This is part of an ongoing series at Happy Spectacular where we discuss the things that are killing your company culture. Who knows? You might read something all too familiar and realize it’s time to make a change.
If you’re a leader and you’re hell-bent on wrecking your company culture, you’re probably doing the following things when a new employee starts.

  • You’re running a few minutes late in the morning, and because you didn’t tell Joan at the front desk that the New Guy was starting today, said New Guy feels like an ass because he came in all ready to hit the ground running and now Joan’s looking at him like he’s trying to sell her something.
  • You didn’t do whatever kinds of acrobatics you need to do at your company to get the New Guy set up in “The System,” so New Guy has to call the helpdesk to see about his user ID, and all he has is a badge ID which apparently isn’t the same thing, and it’s a problem.
  • You didn’t ask for Rick to have New Guy’s elevator pass ready, so Rick has to ask Joan to get up from behind her desk and let him into the elevator on six different occasions, which isn’t strengthening their relationship. New Guy wonders why he has a badge ID but not an elevator pass, but doesn’t wonder this out loud because he doesn’t have to – Rick rolls his eyes and says, “This happens all the time with the new guys.”
  • You booked yourself all day – back to back – so New Guy doesn’t get to spend time with you other than at the urinal, which gets understandably weird when you feel the need to make small talk about “how things are going so far.”
  • You didn’t arrange to have lunch with New Guy, because you’re so busy, and you didn’t think to arrange for him to have lunch with anyone else either, because you’re so busy. New Guy eats a pack of peanuts and a bag of Sun Chips from the vending machine for lunch, because no one invited him out when they all left for Chipotle, and he doesn’t want to ask Joan to let him into the elevator again to go to the cafeteria that he thinks might be in the basement of the building.
  • You had an idea of what you wanted New Guy to do on the first day, but you didn’t write it down and you’re all booked up – back to back and all – so you’ll have to go through it with him tomorrow. In the meantime, you ask New Guy to sit and read the Employee Handbook, and casually look around to make sure there isn’t anything he could stab himself with as he reads 74 pages of oft-outdated and contradictory information, like how the company values on page six are different from the ones on the wall in the lobby because that consultant came in an updated them in 2015.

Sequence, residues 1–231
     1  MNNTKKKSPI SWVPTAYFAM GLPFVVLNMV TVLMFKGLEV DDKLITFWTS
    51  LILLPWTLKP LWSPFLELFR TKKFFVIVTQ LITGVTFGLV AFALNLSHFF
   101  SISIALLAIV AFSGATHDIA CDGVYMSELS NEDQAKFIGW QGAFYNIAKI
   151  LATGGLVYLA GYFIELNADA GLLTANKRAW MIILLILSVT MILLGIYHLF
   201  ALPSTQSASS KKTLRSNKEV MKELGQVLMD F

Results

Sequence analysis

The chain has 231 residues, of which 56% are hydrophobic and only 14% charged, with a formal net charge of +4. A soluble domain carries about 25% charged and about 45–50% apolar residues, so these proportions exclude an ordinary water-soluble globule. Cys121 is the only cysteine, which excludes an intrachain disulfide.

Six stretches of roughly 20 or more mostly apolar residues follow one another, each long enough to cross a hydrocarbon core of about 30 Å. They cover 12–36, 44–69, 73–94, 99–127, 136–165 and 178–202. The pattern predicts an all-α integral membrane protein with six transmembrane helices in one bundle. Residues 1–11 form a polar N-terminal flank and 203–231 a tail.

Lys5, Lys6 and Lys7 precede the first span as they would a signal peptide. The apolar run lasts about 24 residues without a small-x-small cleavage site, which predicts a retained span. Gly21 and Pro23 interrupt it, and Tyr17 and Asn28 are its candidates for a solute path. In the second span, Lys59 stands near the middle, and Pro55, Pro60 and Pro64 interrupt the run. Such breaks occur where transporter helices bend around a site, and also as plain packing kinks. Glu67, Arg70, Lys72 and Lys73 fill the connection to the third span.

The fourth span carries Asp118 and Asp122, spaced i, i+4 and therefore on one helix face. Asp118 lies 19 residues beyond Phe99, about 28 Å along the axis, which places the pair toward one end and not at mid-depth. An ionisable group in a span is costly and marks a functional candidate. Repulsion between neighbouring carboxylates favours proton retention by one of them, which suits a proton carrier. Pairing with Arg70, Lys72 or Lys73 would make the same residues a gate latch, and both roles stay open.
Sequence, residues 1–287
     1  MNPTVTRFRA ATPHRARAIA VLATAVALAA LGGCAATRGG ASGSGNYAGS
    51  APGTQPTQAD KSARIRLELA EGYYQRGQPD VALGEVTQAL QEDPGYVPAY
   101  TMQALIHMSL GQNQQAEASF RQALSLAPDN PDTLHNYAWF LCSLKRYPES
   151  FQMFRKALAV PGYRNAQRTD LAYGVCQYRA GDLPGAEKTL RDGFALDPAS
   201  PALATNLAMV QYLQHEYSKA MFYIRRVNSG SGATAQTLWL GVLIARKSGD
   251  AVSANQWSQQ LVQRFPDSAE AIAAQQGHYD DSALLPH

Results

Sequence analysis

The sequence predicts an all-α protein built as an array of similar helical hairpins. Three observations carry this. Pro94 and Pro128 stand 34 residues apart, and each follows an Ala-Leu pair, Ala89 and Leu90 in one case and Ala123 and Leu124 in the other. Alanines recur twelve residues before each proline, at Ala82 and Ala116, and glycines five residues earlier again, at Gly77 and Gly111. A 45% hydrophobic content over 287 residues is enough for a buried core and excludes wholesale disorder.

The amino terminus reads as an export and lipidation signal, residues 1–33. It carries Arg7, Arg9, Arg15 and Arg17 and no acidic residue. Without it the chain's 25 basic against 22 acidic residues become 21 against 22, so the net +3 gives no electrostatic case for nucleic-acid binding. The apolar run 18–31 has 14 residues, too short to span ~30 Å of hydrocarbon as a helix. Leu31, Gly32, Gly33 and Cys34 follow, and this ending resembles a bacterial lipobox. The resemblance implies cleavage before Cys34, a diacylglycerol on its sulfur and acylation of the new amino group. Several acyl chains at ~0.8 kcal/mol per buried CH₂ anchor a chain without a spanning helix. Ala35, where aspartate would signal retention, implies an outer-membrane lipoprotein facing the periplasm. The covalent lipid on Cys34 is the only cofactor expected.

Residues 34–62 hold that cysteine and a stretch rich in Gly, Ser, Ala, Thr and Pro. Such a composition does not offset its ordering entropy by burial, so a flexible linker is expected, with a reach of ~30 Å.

• You suggest, upon leaving the restroom, that he spends some time with Shania, who will be a great resource for him in light of her 18 years of experience – which makes a lot of sense – except that Shania has a bit of an ax to grind because the New Guy is in the cube with a few extra square feet of space than hers. “It’s not your fault,” she reassures him, after lambasting you and Amanda from HR for several minutes.
  • You interrupt your executive team meeting to ask the group to send a welcome email to New Guy because you are thoughtful like that. Those that follow through on your request receive a bounce back because New Guy’s email isn’t set up yet.
  • You take the advice of Raj in your team meeting that New Guy should shadow Mason in marketing for a few hours, so you have Raj text Mason in to tell New Guy to shadow him for a few hours. Mason shows up at New Guy’s cubicle, says he’s supposed to be shadowed for a few hours, says he’s not really sure what they’re supposed to do, and they both shrug. Mason takes New Guy back to his cube and shows him a few marketing things and then says he has to go get his daughter because it’s already 5 pm.
  • You don’t want to hear anything other than good news, so near the end of the day you “check in” with a nice close-ended question that’s really a statement with a question mark at the end: “Everything okay today?” New Guy, semi-conscious from the Employee Handbook marathon, nods.
  • At home, you realize you might have missed the boat on New Guy’s first day, so after dinner, you send an overcompensating-ly long email with eight attachments and numerous requests that you know will keep him busy through the next day. You feel relieved that you no longer need to figure out what to do with New Guy tomorrow, proud that you’ve righted the ship, and then cheers yourself. Onboarding is easy! (But then you get a bounce back because New Guy’s email still isn’t set up.)

Even if you’re not hell-bent on destroying your company’s culture, and even if you’re one of the good eggs trying really hard to get this leadership thing right, chances are you’ve done at least a couple of the things in the list above when starting a new employee. But worry not! Now’s your chance to fix some of the areas where you’ve gone off track.
Do the opposite of everything in the list above and your New Guys won’t be like the one-third of new employees who quit by the six-month mark. Even if you make one change a month to improve how you onboard people, you’ll make a big difference to the way people feel about working on your team, at your company, and in your culture. Don’t underestimate the power of a welcome card signed by everyone on the team, let alone a key card that actually works.

Jodi Wellman

Jodi is a co-founder of Happy Work Spectacular Life, loves red Skittles (maybe too much) and finally got a Happy Spectacular logo tattoo.